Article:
Exploring the student experience
Rumney, Cynthia Chapman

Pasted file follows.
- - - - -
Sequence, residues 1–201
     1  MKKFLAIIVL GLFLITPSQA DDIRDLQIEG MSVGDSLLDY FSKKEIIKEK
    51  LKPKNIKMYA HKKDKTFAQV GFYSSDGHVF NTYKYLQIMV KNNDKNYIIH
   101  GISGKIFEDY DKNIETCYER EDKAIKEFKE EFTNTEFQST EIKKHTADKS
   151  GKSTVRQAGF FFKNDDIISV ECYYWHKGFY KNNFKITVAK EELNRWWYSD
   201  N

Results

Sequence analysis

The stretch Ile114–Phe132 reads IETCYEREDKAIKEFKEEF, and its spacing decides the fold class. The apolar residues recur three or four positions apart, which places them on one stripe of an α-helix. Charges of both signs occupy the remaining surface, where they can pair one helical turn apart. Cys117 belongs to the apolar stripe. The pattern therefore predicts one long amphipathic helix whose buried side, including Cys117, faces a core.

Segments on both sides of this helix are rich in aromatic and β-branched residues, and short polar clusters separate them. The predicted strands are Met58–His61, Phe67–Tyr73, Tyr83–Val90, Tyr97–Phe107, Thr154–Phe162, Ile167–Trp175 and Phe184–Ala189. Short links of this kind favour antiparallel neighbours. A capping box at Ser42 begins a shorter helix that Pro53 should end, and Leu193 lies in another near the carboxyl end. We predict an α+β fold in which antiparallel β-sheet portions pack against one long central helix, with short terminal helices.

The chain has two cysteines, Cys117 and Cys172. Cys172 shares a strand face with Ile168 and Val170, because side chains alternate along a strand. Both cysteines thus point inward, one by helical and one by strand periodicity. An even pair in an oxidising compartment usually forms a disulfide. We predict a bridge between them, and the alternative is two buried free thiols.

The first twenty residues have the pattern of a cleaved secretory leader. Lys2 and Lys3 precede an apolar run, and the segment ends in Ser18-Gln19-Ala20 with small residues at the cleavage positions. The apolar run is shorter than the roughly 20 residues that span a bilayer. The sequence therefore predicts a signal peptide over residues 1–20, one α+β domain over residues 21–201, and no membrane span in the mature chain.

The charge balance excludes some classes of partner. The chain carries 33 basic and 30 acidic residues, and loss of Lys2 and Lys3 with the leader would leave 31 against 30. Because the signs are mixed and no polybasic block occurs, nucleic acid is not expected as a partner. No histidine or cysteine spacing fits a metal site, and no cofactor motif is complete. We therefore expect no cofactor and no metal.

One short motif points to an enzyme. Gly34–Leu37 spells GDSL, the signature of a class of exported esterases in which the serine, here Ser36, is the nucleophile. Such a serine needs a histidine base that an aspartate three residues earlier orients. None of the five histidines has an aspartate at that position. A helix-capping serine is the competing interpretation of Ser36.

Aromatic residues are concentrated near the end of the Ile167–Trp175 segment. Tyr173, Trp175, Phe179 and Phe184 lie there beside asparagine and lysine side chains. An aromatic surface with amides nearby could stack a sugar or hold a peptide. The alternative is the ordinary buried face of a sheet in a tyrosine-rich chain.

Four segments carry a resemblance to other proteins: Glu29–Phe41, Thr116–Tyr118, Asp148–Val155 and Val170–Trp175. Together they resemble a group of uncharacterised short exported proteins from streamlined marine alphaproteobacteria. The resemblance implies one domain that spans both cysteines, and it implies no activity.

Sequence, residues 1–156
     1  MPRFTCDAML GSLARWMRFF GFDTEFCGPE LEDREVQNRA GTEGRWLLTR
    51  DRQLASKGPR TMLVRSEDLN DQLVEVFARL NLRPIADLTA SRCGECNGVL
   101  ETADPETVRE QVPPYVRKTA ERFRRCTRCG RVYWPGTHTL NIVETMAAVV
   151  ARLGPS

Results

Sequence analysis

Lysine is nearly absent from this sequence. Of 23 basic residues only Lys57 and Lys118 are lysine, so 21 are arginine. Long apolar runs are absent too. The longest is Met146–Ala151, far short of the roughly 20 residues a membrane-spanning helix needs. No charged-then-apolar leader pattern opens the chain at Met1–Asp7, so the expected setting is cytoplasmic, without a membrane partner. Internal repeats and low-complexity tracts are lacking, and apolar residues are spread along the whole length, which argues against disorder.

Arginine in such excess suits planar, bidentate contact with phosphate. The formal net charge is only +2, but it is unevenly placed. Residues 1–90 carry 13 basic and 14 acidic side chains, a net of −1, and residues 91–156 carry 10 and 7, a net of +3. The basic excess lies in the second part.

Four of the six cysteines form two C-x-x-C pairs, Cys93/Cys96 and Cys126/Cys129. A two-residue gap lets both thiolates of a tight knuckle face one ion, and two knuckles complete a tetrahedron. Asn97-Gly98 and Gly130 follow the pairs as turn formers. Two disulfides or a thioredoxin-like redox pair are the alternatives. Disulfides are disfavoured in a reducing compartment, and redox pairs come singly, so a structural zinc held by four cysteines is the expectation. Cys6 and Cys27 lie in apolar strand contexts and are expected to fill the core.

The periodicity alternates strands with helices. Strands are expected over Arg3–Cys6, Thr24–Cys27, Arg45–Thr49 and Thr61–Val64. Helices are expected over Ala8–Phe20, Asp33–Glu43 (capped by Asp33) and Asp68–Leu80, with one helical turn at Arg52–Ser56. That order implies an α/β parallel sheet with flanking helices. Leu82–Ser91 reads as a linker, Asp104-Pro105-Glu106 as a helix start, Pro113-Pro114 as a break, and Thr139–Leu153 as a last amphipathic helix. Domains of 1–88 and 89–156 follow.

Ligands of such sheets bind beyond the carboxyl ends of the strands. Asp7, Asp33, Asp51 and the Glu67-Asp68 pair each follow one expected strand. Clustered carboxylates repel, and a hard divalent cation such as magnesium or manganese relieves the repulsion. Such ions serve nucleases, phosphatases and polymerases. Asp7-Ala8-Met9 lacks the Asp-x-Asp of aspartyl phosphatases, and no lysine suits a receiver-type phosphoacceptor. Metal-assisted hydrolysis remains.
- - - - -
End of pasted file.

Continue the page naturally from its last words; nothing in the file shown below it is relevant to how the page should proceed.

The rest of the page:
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While research into distance education has evolved over the years, the fast-paced changes in technology of the past decade have caused a widening divide between the research completed and the technology available (Means et al., 2009). A lack of research shows this disconnect is clearly evident in the realm of computer based instructional simulation (CBIS) in online learning and is further apparent in technical college courses designed to teach technologically diverse students familiarity with computer applications. The purpose of this study was to explore the student experience in relation to the use of computer based instructional simulation in an online introductory computer applications course in a Georgia technical college. This study was a cross-sectional survey, mixed research study utilizing a self-administered, web-based questionnaire for data collection. The questionnaire was developed specifically for this study and was administered to 141 participants. Data for the study was analyzed quantitatively through descriptive statistics and qualitatively through the development of themes. The results of this study indicate a positive perception of the CBIS in general and a positive perception of the impact of CBIS on learning for students enrolled in the final weeks of an online introduction to computer applications course at a technical college. The conclusions for this study discussed the perception that experiential learning had occurred in the course; the perception that transfer of learning had occurred; the conclusion that even participants with computer experience still had a positive perception of the CBIS; and the impact of sensitivity and bugs on the perception of the functional fidelity of the CBIS.